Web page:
Security Issues In International Relations

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The official academic field of international relations is a recent field of study, beginning after the end of World War II, in the political sciences. While the academic field is fairly new establishment in the political sciences, the issues at the core of the discipline have been discussed for hundreds of years. One of the issues that is central to the division of international relations is the idea of security. The topic of security contains many different aspects all of which can be addressed differently depending on the theory. When discussing security there are four main questions: what is security, whose security is being discussed, what counts as a security issue, and how can security be achieve. In the field of international relations …show more content…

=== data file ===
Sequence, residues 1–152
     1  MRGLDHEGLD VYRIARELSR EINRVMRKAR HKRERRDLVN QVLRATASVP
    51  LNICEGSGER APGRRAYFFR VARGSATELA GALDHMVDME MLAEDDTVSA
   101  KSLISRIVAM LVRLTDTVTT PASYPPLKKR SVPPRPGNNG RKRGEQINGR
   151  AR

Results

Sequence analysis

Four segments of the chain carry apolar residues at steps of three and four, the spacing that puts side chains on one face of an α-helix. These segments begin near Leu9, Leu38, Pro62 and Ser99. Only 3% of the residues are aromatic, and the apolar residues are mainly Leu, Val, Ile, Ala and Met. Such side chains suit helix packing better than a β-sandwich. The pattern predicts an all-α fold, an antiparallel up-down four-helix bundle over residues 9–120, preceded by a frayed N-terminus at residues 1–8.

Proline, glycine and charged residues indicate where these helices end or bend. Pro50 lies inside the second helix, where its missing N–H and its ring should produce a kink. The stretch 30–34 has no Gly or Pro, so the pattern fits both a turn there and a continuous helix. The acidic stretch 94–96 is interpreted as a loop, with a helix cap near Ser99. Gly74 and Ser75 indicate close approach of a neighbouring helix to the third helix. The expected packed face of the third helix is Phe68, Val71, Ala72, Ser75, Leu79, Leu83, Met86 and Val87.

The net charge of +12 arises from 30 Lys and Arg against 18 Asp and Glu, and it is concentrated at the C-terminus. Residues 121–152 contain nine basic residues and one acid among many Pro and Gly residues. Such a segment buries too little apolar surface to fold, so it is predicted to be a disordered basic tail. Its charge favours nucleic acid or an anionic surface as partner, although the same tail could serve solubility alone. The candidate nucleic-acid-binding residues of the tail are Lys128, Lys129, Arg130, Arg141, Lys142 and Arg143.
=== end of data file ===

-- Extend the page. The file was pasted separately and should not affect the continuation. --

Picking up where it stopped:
There are six categories of threats identified by the United Nation are economic and social threats, inter-state conflict, internal conflict, nuclear, radiologic, chemical, and biological weapons, terrorism, and transnational organized crime. While each of these categories are of some importance different theories give more importance to some and less to others. This impacts how issues are ranked and then set in an agenda. Realists would typically focus on the issues that need to be addressed for them to gain more power. Whether that is addressing poverty to build stability in the nation itself or tackling international organized crime in order to be seen as powerful for working on such complex issues, if the category in any way generates more power for the nation on the international level it is an issue of high importance. The other theory of liberalism looks at issues that are impacting the relationships of that country. Literalists can also want to focus on issues of poverty and transnational organized crime, but for different reasons as realists. For example, a realist may focus on transnational organized crime in an attempt to be seen as a powerful nation who has the necessary force to address this issue. Addressing the same issue of transnational organized crime a liberalist may want to tackle the issue in order to assist an ally, attempt to create a new ally, or working towards stopping a perceived

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